Olney Hymns Book 3 Hymn 5

Sinner, hear the Saviour's call...

Manuscript Hymn No. 324

324 v1



Sinner, hear the Saviour’s call,
He now is passing by;
He has seen thy grievous thrall,
And heard thy mournful cry.
He has pardons to impart,
Grace to save thee from thy fears,
See the love that fills his heart,
And wipe away thy tears.

Why art thou afraid to come
And tell him all thy case?
He will not pronounce thy doom,
Nor frown thee from his face:
Wilt thou fear Emmanuel?
Wilt thou dread the Lamb of God,
Who, to save thy soul from hell,
Has shed his precious blood?

Think, how on the cross he hung
Pierced with a thousand wounds!
Hark, from each as with a tongue
The voice of pardon sounds!
See, from all his bursting veins,
Blood, of wondrous virtue, flow!
Shed to wash away thy stains,
And ransom thee from woe.

Though his majesty be great,
His mercy is no less;
Though he thy transgressions hate,
He feels for thy distress:
By himself the Lord has sworn,
He delights not in thy death; (a)
But invites thee to return,
That thou mayst live by faith.

Raise thy downcast eyes, and see
What throngs his throne surround!
These, though sinners once like thee,
Have full salvation found:
Yield not then to unbelief!
While he says, "There yet is room";
Though of sinners thou art chief,
Since Jesus calls thee, come.

(a) Ezekiel 33:11

Similar Hymns: [relating to this whole section]
Book 1, Hymns 75, 91
Book 2, Hymns 1, 2, 3, 4, 6, 35, 77, 78, 83

John Newton bw better 150 x 55
  from John Newton's Diary, relevant to this hymn:

Tuesday 20 October 1778
Yesterday went with Mr Scott and drank tea with Mr Page at Clifton; stay was short, nothing remarkable passed. Today Mr and Mrs Miles and Mrs Robinson of Leicester came. Mr M is nervously indisposed, so that though possessed of a handsome fortune, he can at present take little comfort in anything. My dearest Lord, dost thou send such cases under my roof, to remind me more sensibly of the value of the mercies thou affordest and continuest to me, and to mine. How light may all trials seem compared with those which affect or threaten the senses! We had I hope a pleasant meeting at the Great House.
Thursday 22 October
Met the children. In the evening Mr Page preached. He is a loud and earnest rather than a judicious preacher. But he has been much admired and followed by many since he came to Clifton. If thou art pleased to make him useful to them I hope to rejoice in it. He said many good and some striking things, yet the sermon would not please hearers of a good judgement. Though perhaps what we call taste and good judgement is oftentimes a hindrance to edification. Simple people can get benefit, when those of more knowledge are disgusted. He aimed to deduce his subject from Genesis 35:8 [But Deborah, Rebekah's nurse died, and she was buried beneath Bethel under an oak: and the name of it was called Allonbachuth] in which according to him Deborah signified the Law, Rebecca the Church, and the oak denoted the Cross of Christ, under which the power of the law dies and is buried as to believers. Some admire the ingenuity of those who can find what they please in such quaint texts, which is perhaps a temptation to preachers to give into this way. But thou canst make thine own truth useful, however delivered.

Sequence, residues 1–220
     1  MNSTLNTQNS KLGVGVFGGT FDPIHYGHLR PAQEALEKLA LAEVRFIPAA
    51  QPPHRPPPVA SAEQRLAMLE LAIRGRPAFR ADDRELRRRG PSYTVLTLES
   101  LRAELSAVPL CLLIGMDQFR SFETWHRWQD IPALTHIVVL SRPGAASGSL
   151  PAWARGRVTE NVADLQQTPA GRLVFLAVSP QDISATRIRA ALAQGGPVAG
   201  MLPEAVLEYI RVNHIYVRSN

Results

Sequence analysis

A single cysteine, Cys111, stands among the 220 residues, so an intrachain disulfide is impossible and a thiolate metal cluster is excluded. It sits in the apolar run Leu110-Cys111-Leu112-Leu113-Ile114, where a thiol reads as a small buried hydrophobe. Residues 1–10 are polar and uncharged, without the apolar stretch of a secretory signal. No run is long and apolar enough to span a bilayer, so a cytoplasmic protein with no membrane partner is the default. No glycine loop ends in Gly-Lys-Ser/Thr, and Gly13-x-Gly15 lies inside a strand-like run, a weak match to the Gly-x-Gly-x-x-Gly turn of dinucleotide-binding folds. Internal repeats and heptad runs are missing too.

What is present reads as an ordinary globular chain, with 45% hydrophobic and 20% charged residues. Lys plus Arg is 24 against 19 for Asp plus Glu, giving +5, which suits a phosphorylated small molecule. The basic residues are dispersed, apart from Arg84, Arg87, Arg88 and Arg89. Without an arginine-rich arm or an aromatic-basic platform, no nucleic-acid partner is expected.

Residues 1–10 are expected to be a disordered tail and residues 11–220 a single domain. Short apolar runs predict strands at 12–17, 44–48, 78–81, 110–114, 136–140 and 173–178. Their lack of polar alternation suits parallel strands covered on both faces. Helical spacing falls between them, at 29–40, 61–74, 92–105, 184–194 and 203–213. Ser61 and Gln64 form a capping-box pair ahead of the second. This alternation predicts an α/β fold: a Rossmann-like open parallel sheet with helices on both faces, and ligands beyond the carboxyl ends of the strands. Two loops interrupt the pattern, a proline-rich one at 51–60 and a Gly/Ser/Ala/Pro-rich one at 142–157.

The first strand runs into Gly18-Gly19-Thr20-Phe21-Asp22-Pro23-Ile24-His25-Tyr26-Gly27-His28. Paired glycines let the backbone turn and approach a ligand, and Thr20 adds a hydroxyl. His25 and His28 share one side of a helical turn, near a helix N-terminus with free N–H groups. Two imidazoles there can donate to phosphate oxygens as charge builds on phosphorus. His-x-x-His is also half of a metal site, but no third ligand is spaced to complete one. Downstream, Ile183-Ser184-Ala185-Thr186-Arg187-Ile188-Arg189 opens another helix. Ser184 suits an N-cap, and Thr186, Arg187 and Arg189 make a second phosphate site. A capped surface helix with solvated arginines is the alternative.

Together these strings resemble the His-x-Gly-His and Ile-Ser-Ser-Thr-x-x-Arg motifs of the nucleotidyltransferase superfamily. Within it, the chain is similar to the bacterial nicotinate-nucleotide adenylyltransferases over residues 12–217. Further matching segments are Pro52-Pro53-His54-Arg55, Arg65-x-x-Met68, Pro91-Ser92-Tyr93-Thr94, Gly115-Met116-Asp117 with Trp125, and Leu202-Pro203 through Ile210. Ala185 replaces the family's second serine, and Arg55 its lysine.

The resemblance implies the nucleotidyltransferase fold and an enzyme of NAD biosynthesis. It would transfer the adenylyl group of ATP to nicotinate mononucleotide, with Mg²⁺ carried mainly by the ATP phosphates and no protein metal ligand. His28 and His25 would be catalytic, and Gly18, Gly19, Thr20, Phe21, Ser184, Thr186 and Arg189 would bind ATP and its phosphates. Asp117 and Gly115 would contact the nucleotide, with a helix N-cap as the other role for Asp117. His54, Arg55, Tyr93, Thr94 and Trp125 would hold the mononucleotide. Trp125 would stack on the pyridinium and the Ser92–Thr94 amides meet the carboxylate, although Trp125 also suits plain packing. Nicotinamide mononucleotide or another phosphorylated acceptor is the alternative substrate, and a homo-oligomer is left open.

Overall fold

Saturday 24 October
The week by thy blessing closes comfortably. We are all favoured with health. O let our souls live and prosper and praise thee. I have begun to prepare for transcribing the hymns for publication. Help me to begin, carry on and end everything in thee. I was called this week to visit [Samuel] Robython – a poor creature dying of old age at 25, by drink and intemperance. Often warned, often under convictions – but linked in with the unhappy set here, who seem determined to ruin themselves and each other. He seemed terrified at the thought of death, but no otherwise affected. This is the second instance within this month, of the destructive effects of sin (the other William D_, he who died when I was last at Bedford). Oh that some may lay it to heart.
Sunday 25 October 1778
I thank thee my Lord for another good day. We were all able to go out. And thou didst help me to preach. SR died this morning. His removal led me to my afternoon's subject, though I did not mention him. But his companions who often attend were mostly gone to hear Mr Page. O do thou speak to them by him. They took little pleasure in hearing me, I would hope their following him is a token that thou hast touched their hearts by him. May I rejoice in every appearance of usefulness, and be heartily willing thou shouldst work by whom thou wilt. On Friday I finished the eleventh year in this habitation [the renewed vicarage] thou hast provided me. How many mercies have I known in it? How many trials, and consequently how many supports, for I am still alive to praise thee. A letter from Brother Harry – O Lord preserve and teach him.
1 Corinthians 15:19 If in this life only we have hope in Christ, we are of all men most miserable.
Ezekiel 33:11 Say unto them, As I live, saith the Lord God, I have no pleasure in the death of the wicked; but that the wicked turn from his way and live: turn ye, turn ye from your evil ways; for why will ye die, O house of Israel?
Hymn No. 324

[On this date Newton preached from the above texts at his church, St Peter & St Paul, Olney, during the morning and afternoon services, and from this hymn at the informal evening service]

Image copyright:

Hymn: MS Eng 1317, Houghton Library, Harvard University
Diary: John Newton Collection, CO199, Princeton University

Marylynn Rouse, 12/09/2013